Prime Minister Freundel Stuart has warned Barbadians that they must be prepared to carry “more of the weight” as the island moves into the next 50 years of independence.
Stuart believes Barbadians have come of age economically and can now be weaned off the multiple social services provided by various governments since the achievement of political independence from Britain in 1966.
The Prime Minister was speaking last night at the ruling Democratic Labour Party’s George Street headquarters where the party continued its 62nd anniversary celebrations with an awards ceremony for outstanding young people of Christ Church.
“The first 50 years of independence were years of entitlement, but the next 50 years of independence cannot again be years of entitlement because we have now built a middle class in Barbados,” Stuart said.
“We have now educated people in Barbados to the extent that more people than ever in this country’s history can take hold of their life chances and move in the direction in which they want to go.”
Asserting that “the doors of opportunity have been thrown open” to Barbadians, he spoke of young people with dreams and aspirations because “you now live in a country in which you dare to dream”.
He said that the present circumstances of Barbados and Barbadians were far removed from the “road blocks” faced by ancestors.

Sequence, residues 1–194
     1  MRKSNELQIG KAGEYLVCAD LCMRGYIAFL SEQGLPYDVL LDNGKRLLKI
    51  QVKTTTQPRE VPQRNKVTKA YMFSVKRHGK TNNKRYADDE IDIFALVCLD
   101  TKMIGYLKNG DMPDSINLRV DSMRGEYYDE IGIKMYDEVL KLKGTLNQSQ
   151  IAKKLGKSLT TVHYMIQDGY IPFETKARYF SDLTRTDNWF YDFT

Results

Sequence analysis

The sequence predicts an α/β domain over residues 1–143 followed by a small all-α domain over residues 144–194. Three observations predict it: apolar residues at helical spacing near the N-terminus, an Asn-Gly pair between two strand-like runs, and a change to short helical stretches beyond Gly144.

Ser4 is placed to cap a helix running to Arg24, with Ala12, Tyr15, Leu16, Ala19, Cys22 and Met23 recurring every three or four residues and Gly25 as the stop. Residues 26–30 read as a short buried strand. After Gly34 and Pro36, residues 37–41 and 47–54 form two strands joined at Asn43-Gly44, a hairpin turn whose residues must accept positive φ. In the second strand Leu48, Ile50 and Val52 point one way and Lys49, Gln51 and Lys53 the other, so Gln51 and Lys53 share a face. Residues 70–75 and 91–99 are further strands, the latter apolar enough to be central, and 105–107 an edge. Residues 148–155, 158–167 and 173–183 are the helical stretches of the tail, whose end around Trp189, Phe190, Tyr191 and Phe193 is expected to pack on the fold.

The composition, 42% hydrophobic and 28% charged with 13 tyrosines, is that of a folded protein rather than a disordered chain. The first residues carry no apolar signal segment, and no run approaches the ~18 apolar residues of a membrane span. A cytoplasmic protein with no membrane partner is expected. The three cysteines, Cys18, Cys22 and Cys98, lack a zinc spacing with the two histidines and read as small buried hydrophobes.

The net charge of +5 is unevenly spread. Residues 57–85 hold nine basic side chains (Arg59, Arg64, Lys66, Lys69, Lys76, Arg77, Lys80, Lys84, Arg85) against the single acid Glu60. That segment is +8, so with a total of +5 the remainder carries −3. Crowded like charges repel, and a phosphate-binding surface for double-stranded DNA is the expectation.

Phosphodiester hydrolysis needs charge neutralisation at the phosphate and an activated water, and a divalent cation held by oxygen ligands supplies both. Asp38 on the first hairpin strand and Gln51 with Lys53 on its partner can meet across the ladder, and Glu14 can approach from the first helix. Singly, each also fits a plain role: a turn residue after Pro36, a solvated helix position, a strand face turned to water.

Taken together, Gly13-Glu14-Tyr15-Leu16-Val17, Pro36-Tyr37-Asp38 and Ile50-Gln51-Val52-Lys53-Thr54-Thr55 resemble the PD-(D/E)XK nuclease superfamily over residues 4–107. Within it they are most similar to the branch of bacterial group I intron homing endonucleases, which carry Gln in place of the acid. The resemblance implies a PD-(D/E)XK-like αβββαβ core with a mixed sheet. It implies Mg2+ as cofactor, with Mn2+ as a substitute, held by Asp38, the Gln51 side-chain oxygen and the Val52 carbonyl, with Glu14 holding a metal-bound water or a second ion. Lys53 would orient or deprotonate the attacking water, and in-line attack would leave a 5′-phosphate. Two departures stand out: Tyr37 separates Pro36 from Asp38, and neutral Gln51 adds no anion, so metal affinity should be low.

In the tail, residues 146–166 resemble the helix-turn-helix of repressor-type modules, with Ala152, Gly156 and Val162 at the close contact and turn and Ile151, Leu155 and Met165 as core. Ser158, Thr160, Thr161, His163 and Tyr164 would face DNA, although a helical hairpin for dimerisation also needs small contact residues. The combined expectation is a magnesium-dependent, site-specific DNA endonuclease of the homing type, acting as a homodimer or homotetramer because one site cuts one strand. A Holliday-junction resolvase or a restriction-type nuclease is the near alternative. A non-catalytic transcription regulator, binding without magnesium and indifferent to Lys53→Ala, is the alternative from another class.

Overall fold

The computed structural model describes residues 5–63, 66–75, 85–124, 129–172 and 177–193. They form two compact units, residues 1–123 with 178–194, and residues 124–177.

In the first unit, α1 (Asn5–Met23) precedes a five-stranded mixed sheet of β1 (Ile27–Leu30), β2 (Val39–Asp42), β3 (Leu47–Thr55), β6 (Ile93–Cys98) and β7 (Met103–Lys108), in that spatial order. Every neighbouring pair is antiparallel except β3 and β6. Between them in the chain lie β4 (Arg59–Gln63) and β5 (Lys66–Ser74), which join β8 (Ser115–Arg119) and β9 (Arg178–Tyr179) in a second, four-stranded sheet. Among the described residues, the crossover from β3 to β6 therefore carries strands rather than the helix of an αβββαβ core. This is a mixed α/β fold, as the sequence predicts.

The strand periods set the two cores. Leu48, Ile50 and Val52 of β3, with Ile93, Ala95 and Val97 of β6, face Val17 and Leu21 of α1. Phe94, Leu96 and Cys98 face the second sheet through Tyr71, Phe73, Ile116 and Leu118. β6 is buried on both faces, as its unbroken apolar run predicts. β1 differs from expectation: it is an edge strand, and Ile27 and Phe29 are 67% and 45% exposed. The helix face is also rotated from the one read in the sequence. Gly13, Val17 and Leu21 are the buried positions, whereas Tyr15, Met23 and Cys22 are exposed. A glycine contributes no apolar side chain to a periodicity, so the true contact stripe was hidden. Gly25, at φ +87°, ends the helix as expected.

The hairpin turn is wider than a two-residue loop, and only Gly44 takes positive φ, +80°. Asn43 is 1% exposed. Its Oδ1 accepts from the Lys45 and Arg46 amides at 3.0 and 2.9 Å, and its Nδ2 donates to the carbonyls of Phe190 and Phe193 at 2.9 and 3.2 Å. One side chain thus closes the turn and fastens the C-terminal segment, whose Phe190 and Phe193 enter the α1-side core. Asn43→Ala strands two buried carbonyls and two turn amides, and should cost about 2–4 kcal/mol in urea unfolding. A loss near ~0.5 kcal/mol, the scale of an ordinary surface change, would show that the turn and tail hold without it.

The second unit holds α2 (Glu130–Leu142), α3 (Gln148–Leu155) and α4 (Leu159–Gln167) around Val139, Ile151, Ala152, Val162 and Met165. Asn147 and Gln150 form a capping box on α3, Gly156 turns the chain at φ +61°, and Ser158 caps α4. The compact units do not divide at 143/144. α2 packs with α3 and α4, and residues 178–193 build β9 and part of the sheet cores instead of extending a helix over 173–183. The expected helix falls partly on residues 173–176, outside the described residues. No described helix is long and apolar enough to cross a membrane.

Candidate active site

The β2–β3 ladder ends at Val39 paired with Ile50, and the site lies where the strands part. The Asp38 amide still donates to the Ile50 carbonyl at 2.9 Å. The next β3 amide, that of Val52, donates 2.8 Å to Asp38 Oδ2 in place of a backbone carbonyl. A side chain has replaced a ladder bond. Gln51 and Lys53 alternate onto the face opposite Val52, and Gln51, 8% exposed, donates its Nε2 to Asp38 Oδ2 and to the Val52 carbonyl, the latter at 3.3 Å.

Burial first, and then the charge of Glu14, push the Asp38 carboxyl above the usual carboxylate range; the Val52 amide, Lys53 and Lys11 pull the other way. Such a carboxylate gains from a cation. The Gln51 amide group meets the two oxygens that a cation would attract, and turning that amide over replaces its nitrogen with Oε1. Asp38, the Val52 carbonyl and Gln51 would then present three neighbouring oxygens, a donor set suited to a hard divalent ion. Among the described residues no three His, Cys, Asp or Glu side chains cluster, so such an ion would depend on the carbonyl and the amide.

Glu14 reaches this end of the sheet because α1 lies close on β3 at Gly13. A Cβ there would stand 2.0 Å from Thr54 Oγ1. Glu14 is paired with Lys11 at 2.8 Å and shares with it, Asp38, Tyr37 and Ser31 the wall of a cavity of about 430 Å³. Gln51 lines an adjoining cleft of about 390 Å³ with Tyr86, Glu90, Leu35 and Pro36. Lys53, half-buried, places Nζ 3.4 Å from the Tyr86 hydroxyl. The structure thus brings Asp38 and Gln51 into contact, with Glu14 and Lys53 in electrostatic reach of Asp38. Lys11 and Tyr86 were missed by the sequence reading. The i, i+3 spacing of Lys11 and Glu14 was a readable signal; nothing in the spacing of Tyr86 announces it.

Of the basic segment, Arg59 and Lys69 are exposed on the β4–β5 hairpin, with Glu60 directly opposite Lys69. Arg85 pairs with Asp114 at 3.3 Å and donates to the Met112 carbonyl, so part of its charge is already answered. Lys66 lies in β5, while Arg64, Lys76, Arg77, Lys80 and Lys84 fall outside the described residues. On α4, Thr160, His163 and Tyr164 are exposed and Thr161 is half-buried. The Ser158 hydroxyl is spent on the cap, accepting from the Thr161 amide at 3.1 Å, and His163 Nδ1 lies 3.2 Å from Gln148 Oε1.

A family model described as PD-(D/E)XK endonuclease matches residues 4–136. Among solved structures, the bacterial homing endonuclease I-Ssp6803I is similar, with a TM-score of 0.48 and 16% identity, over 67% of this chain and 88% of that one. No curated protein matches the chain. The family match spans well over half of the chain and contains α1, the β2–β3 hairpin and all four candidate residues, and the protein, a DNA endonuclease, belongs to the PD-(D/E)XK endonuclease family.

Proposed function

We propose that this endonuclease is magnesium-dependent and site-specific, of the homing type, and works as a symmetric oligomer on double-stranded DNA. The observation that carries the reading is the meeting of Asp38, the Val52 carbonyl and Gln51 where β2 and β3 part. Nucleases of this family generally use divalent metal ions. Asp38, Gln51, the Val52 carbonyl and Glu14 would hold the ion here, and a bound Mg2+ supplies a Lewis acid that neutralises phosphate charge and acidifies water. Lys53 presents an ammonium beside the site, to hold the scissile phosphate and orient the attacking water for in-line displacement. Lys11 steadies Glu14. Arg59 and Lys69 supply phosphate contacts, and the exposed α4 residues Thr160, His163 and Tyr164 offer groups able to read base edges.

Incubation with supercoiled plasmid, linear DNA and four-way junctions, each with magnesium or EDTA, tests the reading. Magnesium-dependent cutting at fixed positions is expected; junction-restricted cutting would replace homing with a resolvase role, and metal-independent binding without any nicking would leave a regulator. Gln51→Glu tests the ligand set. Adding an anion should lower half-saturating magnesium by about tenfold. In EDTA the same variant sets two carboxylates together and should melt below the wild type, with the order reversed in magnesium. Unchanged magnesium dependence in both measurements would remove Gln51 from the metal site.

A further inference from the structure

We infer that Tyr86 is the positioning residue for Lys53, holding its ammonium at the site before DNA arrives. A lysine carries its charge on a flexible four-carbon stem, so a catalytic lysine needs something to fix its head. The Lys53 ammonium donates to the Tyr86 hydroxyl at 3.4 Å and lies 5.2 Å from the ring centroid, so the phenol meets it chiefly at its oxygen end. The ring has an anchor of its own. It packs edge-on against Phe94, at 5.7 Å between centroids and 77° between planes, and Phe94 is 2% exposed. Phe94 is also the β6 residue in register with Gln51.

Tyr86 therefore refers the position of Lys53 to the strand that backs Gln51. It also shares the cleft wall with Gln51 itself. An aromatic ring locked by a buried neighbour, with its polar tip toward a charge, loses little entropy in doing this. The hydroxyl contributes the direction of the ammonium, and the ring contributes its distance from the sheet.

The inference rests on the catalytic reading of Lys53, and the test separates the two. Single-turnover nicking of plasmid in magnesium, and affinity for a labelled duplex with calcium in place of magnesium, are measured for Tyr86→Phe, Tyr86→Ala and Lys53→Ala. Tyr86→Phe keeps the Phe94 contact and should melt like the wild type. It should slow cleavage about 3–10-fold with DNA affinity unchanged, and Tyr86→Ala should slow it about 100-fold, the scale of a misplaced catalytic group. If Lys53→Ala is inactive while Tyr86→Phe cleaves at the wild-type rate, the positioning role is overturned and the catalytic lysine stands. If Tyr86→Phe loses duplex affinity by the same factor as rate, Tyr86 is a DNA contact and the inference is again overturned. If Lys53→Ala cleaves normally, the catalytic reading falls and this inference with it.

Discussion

“We are now at a point of transition to another stage of Barbados’ development. There are people in the country who can now better afford to look after themselves in a way that their parents could not, or their grandparents could not.”
He said that in the interest of the country, such Barbadians will have to be asked to carry a little more of the weight.
“We couldn’t ask them that in the early 1960s because none of us could afford to carry any weight,” Stuart added.
The Prime Minister’s comments came against the backdrop of a worrying economic situation highlighted by dwindling foreign exchange reserves which fell precariously from $1.4 billion in 2012 to $681 million by the end of last year.
With the bread and butter tourism industry not producing the required financial returns while the island’s stock of foreign reserves is fast declining, the Stuart administration has been warned of the need for urgent corrective action to stem the downward trend.
“This requires a simultaneous parallel approach where incentives that earn foreign exchange are adopted, while at the same time measures to save foreign exchange are implemented,” a recent report of the Foreign Exchange Working Group of the Social Partnership said, while warning of the need for “some radical impactful measures”.
Currently, the island’s debt service is estimated at more than $300 million annually and rising, in the context of dwindling access to capital loans through private placement, the apparent weakening of the link between arrivals and tourism revenue.